Ahmadinejad called before parliament

Rick Moran
For the first time in the history of the theocracy, an Iranian president has been called before parliament to answer questions about his stewardship.

Mahmoud Ahmadinejad, who lost a power struggle last year with Supreme Leader Ayatollah Khamenei, responded to a series of questions with an hour long harangue about how great he is.

CNN:

Ahmadinejad was also asked why he had sacked former Foreign Minister Manouchehr Mottaki while he was on a mission to Senegal. Ahmadinejad replied that Mottaki had been told that he was no longer the foreign minister before he went to Senegal, and should not have gone there at all.

Lawmakers also quizzed him about his failed attempt to fire Intelligence Minister Heidar Moslehi in April. When Khamenei vetoed the move, Ahmadinejad retreated from the public eye for 11 days, skipping Cabinet meetings.

Asked about that absence, Iran's Press TV quotes the president as responding: "It was said I stayed at home for 11 days. This is one of those things! Ahmadinejad staying home and resting? Most people tell us rest for one day and make time for yourself."

Motahari asked him to explain why the president had not stopped a close adviser of his, Esfandiyar Rahim Mashaei, from promoting nationalism as opposed to the concept of unity among Muslims.

Motahari also objected to the president's views on enforcing the wearing of head scarves and other Islamic rules.

Ahmadinejad said that he believes that cultural issues cannot be resolved by force and aggression. Rather, the people must be educated and abide by those rules of their own accord, he said.

"Cultural approaches are incompatible with harsh methods. Is it wrong to say do not be so strict with boys and girls? These are our own children. Youths must be respected," Press TV quotes him as saying.

If Ahmadinejad truly belives that, then why do the religious police go around beating women not covered head to toe? I guess he doesn't think that's "strict."

But the president saved his best lines for last:

The president finished by urging lawmakers to award him a top grade for his performance.

"We answered the questions and said some extra things. It would be unfriendly and disrespectful if you give (me a mark) less than an A," he said, according to Press TV.

The parliament was not amused, accusing Ahmadinejad of exhibiting a "casual attitude" toward the body.

With the economy in the toilet, Ahmadinejad is being blamed. He will apparently survive until the end of his term but be on a very short leash from both the Supreme Leader and the parliament.



For the first time in the history of the theocracy, an Iranian president has been called before parliament to answer questions about his stewardship.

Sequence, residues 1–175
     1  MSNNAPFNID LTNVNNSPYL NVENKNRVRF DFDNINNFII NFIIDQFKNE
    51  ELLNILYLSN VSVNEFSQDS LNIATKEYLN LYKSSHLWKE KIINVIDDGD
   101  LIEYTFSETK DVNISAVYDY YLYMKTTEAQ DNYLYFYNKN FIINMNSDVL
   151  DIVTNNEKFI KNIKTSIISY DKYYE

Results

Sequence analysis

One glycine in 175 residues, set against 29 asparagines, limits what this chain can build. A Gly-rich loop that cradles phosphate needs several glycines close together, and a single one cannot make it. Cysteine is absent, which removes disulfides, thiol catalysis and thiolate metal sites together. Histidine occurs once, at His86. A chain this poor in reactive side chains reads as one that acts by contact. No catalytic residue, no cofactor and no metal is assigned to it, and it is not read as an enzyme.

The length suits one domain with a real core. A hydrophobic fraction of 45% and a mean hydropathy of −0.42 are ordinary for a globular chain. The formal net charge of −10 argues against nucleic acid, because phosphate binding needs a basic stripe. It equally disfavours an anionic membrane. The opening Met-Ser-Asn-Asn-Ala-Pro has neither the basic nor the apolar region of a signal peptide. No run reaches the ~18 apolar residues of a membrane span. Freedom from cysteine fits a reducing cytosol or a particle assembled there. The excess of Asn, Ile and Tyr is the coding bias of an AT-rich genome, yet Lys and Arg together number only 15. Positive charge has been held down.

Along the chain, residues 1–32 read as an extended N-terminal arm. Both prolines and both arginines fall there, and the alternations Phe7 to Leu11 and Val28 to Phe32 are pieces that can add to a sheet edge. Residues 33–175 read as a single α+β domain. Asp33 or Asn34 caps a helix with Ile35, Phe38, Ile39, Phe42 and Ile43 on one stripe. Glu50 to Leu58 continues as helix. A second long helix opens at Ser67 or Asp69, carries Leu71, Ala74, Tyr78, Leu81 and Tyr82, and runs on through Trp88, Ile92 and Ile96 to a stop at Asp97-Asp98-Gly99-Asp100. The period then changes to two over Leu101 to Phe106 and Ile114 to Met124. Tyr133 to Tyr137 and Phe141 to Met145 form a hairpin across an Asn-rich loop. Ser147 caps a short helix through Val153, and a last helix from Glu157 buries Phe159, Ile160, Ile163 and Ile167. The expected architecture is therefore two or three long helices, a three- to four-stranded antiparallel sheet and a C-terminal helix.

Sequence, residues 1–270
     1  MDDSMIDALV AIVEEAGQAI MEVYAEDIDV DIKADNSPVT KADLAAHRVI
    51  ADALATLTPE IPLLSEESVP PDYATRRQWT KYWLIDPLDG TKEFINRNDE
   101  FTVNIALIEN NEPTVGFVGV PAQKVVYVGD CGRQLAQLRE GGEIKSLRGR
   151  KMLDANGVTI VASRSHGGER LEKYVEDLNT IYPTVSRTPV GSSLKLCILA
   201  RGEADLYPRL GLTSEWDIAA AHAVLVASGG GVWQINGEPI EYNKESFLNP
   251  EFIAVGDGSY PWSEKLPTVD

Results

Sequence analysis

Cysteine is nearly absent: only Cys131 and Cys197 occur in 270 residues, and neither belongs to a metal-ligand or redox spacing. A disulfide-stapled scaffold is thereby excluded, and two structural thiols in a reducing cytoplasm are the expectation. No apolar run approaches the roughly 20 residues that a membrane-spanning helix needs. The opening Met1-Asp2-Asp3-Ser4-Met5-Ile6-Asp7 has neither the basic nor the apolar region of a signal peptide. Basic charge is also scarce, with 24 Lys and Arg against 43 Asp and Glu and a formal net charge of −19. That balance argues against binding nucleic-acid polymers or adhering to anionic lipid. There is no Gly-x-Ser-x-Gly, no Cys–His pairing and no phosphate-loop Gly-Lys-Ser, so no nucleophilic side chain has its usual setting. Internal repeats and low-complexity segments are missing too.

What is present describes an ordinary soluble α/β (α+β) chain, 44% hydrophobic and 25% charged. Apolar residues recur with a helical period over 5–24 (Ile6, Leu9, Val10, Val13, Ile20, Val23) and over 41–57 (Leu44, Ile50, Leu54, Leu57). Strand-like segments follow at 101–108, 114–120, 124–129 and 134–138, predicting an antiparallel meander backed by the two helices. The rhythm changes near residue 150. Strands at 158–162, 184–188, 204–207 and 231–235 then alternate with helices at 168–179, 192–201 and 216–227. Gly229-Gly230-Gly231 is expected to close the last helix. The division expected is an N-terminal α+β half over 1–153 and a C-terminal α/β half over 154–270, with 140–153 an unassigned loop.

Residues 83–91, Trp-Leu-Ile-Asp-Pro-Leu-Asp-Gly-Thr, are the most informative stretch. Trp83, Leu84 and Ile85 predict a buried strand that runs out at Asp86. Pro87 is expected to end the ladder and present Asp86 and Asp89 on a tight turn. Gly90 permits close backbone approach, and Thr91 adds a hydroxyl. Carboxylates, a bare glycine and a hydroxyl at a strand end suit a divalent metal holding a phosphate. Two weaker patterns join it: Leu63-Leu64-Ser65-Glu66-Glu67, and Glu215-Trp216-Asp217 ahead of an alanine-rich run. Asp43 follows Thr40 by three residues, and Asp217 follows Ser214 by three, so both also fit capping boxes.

Mahmoud Ahmadinejad, who lost a power struggle last year with Supreme Leader Ayatollah Khamenei, responded to a series of questions with an hour long harangue about how great he is.

CNN:

Ahmadinejad was also asked why he had sacked former Foreign Minister Manouchehr Mottaki while he was on a mission to Senegal. Ahmadinejad replied that Mottaki had been told that he was no longer the foreign minister before he went to Senegal, and should not have gone there at all.

Lawmakers also quizzed him about his failed attempt to fire Intelligence Minister Heidar Moslehi in April. When Khamenei vetoed the move, Ahmadinejad retreated from the public eye for 11 days, skipping Cabinet meetings.

Asked about that absence, Iran's Press TV quotes the president as responding: "It was said I stayed at home for 11 days. This is one of those things! Ahmadinejad staying home and resting? Most people tell us rest for one day and make time for yourself."

Motahari asked him to explain why the president had not stopped a close adviser of his, Esfandiyar Rahim Mashaei, from promoting nationalism as opposed to the concept of unity among Muslims.

Motahari also objected to the president's views on enforcing the wearing of head scarves and other Islamic rules.

Ahmadinejad said that he believes that cultural issues cannot be resolved by force and aggression. Rather, the people must be educated and abide by those rules of their own accord, he said.

"Cultural approaches are incompatible with harsh methods. Is it wrong to say do not be so strict with boys and girls? These are our own children. Youths must be respected," Press TV quotes him as saying.

If Ahmadinejad truly belives that, then why do the religious police go around beating women not covered head to toe? I guess he doesn't think that's "strict."

But the president saved his best lines for last:

The president finished by urging lawmakers to award him a top grade for his performance.

"We answered the questions and said some extra things. It would be unfriendly and disrespectful if you give (me a mark) less than an A," he said, according to Press TV.

The parliament was not amused, accusing Ahmadinejad of exhibiting a "casual attitude" toward the body.

With the economy in the toilet, Ahmadinejad is being blamed. He will apparently survive until the end of his term but be on a very short leash from both the Supreme Leader and the parliament.